A brief summary, in case you’re pressed for time. The title of the new Queens of the Stone Age album, …Like Clockwork, tells only half the story. The cover, featuring a goateed fellow in a high-collared vampire-style cloak against a neon red backdrop, tells the other half.
Our creepy friend from the cover makes sense almost immediately. The lead track, “Keep Your Eyes Peeled,” features foreboding lines about “danger, monsters of smoke and mirror,” and the like. And lead vocalist and band lynchpin Josh Homme, together with Jake Shears (one of some half-dozen notable featured players), deliver the lines in appropriately churning, drugged-out croons that suggest none too subtly the ominousness of what’s to follow. It’s an uninspired and unpromising opener, one that all too accurately sets the tone for the rest of the record.
As if that weren’t enough, the third track dispenses with the notion of nuance altogether, not that “Keep Your Eyes Peeled” is a hallmark of subtlety, and flat-out name-checks a vampire. Actually, it’s “The Vampyre of Time and Memory” (check the archaic, and therefore cool, spelling). Now, unless your last name is Dylan, I usually don’t expect much of rock lyrics and I spend little time worrying over them. These, however, are so bad as to merit some attention:
You think the worst of all is far behind.
The Vampyre of Time and Memories has died.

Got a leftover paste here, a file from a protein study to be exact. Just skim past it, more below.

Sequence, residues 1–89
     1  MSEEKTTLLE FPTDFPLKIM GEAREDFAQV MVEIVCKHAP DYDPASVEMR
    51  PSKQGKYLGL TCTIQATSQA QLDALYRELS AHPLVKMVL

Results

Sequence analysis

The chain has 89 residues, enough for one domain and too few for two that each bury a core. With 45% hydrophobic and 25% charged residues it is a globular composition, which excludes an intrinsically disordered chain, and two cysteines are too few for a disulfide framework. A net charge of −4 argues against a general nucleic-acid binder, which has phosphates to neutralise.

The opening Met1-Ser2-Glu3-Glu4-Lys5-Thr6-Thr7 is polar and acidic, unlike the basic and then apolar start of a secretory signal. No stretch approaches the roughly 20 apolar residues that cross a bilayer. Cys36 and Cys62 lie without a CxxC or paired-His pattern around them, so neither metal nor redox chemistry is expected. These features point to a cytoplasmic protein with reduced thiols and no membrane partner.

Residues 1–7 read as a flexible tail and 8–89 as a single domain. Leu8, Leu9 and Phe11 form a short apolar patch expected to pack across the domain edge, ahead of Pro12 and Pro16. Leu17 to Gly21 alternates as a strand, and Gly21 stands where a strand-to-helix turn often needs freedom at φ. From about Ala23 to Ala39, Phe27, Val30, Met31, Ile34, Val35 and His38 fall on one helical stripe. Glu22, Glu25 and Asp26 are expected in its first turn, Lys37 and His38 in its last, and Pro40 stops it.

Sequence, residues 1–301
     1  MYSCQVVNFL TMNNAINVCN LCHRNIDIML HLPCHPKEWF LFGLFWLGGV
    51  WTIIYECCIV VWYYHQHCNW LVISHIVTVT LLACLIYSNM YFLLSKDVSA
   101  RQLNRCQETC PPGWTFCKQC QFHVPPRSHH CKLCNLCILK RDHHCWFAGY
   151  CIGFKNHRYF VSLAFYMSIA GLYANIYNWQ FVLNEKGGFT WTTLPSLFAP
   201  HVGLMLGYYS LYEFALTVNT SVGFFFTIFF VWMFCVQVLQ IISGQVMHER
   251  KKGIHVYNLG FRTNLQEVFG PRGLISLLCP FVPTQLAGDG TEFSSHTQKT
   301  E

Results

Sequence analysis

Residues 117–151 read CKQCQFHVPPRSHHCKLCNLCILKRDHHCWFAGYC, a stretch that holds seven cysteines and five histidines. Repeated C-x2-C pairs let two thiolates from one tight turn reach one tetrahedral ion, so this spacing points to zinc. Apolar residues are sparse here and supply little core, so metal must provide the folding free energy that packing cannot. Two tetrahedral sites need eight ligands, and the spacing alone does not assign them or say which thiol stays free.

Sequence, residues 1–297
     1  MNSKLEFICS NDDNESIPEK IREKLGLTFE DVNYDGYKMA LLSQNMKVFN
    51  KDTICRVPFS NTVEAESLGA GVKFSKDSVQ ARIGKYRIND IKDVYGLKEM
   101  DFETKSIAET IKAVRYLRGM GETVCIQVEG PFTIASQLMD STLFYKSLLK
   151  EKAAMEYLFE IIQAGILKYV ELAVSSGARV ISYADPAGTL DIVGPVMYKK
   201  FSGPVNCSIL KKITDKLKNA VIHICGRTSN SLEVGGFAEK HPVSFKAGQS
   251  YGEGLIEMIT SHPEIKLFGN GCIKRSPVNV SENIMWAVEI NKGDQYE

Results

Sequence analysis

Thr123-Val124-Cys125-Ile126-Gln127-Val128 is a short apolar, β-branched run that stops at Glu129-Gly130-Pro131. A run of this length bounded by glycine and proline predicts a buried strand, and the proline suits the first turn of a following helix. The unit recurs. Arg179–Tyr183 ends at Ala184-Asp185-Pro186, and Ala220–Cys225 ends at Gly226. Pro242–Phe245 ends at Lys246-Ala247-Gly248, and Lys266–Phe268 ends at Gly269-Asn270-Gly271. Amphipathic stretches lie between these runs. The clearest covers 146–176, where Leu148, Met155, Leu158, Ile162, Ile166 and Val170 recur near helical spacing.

I’ve survived. I speak. I breathe.
I’m alive. Hooray. You’re wrong again, ‘cause I feel no love.
Does anyone ever get this right?
Worthy of Keats, right? To add insult to injury, Homme’s vocal here is painfully slow, tedious, at once melodramatic and dry. With a lyric this absurd, you’ve either got to own it and play it like the gospel or disown it and deliver it like parody. Homme tries to have it both ways and the result is neither moving nor laughable, only irritating.
Song for song, the album is a bust. I can’t discern meaning, or anything approximating it, in these tracks. And that’s all right, or at least it could be. Bad songs do not necessarily make for a bad album, though they usually do. Sometimes sheer musicianship can carry the day. With Dave Grohl, Elton John, and Mark Lanegan on board, to name just a few, one might expect …Like Clockwork to be a rousing effort, if nothing else. Unfortunately, it isn’t, and the the record’s title brings the problem into focus. Too much of this album is given to flat dynamics and sluggish tempos that drag – you guessed it – like clockwork. Even relatively up-tempo numbers like “My God is the Sun” suffer from plodding treatments.
Granted, the group clearly has chops. This is all well-played stuff, occasionally expert, and most of the songs, even the most indulgent (“The Vampyre of Time and Memory” being perhaps the most obvious offender), boast minor redemptive moments - a cool guitar riff here, a nice vocal trick there. Also, to their credit, they’re able to work up and sustain a steady level of trippy menace over the course of the album. But the fact remains: these minor virtues aside, …Like Clockwork is a droning, incoherent endeavor, and it simply doesn’t reward the attention it’s asking for. [C+]